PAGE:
Most eye melanomas form in the part of the eye you can’t see when looking in a mirror. This makes eye melanoma difficult to detect. In addition, eye melanoma typically doesn’t cause early signs or symptoms.

Treatment is available for eye melanomas. Treatment for some small eye melanomas may not interfere with your vision. However, treatment for large eye melanomas typically causes some vision loss.

 

 

Gallbladder Cancer

Gallbladder cancer is cancer that begins in the gallbladder. Your gallbladder is a small, pear-shaped organ on the right side of your abdomen, just beneath your liver. The gallbladder stores bile, a digestive fluid produced by your liver.

Gallbladder cancer is uncommon. When gallbladder cancer is discovered at its earliest stages, the chance for a cure is very good. But most gallbladder cancers are discovered at a late stage, when the prognosis is often very poor.

Gallbladder cancer is difficult to diagnose because it often causes no specific signs or symptoms. Also, the relatively hidden nature of the gallbladder makes it easier for gallbladder cancer to grow without being detected.

 

 

Gastric Cancer/Stomach Cancer

Stomach cancer is cancer that occurs in the stomach — the muscular sac located in the upper middle of your abdomen, just below your ribs. Your stomach receives and holds the food you eat and then helps to break down and digest it. Another term for stomach cancer is gastric cancer. These two terms most often refer to stomach cancer that begins in the mucus-producing cells on the inside lining of the stomach (adenocarcinoma).

Adenocarcinoma is the most common type of stomach cancer.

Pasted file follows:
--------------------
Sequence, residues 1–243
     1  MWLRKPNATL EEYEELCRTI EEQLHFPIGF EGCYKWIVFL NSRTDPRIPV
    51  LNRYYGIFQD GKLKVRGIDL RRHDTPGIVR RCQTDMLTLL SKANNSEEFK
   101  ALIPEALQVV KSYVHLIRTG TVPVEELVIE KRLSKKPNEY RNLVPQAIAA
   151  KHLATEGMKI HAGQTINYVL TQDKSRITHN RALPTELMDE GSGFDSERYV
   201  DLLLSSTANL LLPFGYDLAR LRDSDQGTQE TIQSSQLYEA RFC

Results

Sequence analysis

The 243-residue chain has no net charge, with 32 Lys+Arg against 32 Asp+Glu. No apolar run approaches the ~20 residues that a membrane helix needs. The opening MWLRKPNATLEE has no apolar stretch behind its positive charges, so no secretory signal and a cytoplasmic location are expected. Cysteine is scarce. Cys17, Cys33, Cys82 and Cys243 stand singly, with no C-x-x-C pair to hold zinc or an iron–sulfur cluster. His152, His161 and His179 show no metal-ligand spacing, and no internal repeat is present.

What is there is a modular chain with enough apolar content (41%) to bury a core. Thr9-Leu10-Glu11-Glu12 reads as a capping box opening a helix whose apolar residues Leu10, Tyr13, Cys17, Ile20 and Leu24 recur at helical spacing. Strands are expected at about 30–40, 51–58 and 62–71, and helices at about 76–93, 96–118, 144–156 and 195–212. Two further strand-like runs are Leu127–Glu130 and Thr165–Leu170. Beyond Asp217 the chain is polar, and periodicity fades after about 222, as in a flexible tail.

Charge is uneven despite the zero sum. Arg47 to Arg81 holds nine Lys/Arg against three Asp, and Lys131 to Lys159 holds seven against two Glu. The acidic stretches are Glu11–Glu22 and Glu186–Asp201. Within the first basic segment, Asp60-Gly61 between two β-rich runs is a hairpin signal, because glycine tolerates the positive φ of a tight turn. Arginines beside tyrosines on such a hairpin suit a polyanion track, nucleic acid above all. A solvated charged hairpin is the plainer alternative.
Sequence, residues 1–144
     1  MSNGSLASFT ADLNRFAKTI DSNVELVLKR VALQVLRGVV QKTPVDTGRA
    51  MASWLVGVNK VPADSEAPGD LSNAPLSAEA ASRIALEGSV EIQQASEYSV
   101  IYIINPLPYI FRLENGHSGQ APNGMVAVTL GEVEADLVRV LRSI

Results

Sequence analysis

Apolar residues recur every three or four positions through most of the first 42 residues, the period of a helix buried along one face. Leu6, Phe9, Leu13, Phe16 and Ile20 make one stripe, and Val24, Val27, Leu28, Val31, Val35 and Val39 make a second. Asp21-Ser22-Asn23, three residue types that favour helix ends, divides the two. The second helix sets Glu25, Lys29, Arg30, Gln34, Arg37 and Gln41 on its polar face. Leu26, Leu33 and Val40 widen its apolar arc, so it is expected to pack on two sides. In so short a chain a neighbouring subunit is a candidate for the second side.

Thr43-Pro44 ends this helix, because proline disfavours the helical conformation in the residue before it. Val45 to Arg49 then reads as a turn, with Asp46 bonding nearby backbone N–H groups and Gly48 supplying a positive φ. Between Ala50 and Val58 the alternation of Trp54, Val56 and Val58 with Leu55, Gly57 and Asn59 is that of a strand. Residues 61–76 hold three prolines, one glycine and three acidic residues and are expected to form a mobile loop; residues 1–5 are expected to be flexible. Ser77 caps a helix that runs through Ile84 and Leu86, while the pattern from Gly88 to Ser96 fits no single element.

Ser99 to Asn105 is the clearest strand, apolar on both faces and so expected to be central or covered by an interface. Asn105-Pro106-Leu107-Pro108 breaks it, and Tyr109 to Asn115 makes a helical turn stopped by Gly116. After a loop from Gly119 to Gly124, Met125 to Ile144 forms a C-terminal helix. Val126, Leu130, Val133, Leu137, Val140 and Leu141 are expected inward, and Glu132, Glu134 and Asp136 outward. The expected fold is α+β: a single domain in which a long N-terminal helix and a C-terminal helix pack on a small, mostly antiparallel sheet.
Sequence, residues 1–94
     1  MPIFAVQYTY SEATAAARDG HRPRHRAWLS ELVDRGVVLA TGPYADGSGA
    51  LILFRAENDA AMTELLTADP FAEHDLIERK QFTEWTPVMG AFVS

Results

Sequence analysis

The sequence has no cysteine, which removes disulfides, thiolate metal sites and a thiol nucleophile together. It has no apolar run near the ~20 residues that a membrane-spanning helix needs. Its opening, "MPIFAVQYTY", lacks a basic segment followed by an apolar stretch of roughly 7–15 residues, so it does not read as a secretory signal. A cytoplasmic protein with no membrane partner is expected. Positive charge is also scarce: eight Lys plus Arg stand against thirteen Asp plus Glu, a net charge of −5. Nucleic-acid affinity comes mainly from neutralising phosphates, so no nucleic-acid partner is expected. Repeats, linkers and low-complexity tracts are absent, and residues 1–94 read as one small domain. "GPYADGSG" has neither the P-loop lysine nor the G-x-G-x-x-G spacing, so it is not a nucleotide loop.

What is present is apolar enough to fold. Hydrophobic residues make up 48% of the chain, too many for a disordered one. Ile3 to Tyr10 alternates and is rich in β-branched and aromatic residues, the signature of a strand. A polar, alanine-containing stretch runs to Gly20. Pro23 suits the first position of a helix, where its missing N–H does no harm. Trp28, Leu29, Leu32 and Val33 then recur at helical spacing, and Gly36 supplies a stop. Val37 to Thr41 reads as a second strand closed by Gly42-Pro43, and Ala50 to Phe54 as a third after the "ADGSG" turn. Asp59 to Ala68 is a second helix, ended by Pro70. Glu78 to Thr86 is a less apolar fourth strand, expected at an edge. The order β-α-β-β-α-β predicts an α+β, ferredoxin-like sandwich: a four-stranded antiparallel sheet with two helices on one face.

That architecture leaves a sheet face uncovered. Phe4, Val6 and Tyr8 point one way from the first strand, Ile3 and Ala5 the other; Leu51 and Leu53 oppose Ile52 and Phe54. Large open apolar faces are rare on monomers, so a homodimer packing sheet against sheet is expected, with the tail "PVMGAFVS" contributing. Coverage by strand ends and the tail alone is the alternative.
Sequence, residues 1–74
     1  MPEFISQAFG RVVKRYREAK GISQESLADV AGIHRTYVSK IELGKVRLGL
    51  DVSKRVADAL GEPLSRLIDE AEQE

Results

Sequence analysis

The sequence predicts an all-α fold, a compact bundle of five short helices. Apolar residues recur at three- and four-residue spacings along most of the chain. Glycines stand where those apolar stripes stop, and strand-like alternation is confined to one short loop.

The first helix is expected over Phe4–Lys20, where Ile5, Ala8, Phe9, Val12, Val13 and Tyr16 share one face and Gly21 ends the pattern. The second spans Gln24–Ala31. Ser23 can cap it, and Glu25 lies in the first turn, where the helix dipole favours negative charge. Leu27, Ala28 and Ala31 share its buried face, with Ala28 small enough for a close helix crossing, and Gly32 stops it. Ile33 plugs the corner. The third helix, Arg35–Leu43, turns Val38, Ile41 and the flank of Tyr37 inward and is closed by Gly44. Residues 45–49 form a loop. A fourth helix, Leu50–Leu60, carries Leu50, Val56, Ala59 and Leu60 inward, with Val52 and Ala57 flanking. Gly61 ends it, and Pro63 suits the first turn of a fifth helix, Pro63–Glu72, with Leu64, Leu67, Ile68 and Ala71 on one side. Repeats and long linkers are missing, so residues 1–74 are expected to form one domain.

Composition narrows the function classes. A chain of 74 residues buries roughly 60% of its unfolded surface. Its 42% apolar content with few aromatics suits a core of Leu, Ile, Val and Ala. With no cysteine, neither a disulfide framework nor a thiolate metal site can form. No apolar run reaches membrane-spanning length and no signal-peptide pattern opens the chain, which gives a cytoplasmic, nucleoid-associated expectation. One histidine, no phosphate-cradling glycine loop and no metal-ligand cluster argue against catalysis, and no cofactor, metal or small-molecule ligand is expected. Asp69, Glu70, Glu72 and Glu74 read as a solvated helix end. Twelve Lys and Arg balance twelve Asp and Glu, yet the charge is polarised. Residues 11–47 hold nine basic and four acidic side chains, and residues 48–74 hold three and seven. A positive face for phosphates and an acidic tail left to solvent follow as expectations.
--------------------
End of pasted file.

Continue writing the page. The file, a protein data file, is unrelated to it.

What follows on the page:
Stomach cancer is uncommon in the United States, and the number of people diagnosed with the disease each year is declining. Stomach cancer is much more common in other areas of the world.

 

 

Hodgkin’s Lymphoma/Hodgkin’s Disease

Hodgkin’s lymphoma — formerly known as Hodgkin’s disease — is a cancer of the lymphatic system, which is part of your immune system. In Hodgkin’s lymphoma, cells in the lymphatic system grow abnormally and may spread beyond the lymphatic system. As Hodgkin’s lymphoma progresses, it compromises your body’s ability to fight infection.

Hodgkin’s lymphoma is one of two common types of cancers of the lymphatic system. The other type, non-Hodgkin’s lymphoma, is far more common.

Advances in diagnosis and treatment of Hodgkin’s lymphoma have helped give people with this diagnosis the chance for a full recovery. The prognosis continues to improve for people with Hodgkin’s lymphoma.

 

 

Kidney Cancer/Renal Cell Carcinoma/Wilms’ Tumor

Kidney cancer is cancer that originates in the kidneys. Your kidneys are two bean-shaped organs, each about the size of your fist. They’re located behind your abdominal organs, with one kidney on each side of your spine.

In adults, the most common type of kidney cancer is renal cell carcinoma. Other less common types of kidney cancer can occur. Young children are more likely to develop a kind of kidney cancer called Wilms’ tumor.

The incidence of kidney cancer seems to be increasing. One reason for this may be the fact that imaging techniques such as computerized tomography (CT) scan are being used more often. These tests may lead to the accidental discovery of more kidney cancers.

 

 

Leukemia

Leukemia is cancer of the body’s blood-forming tissues, including the bone marrow and the lymphatic system. Many types of leukemia exist. Some forms of leukemia are more common in children. Other forms of leukemia occur mostly in adults.

Leukemia usually involves the white blood cells. Your white blood cells are potent infection fighters — they normally grow and divide in an orderly way, as your body needs them. But in people with leukemia, the bone marrow produces abnormal white blood cells, which don’t function properly.

Treatment for leukemia can be complex — depending on the type of leukemia and other factors. But there are strategies and resources that can help to make your treatment successful.

 

 

Liver Cancer/Hepatocellular Carcinoma/Intrahepatic Cholangiocarcinoma and Hepatoblastoma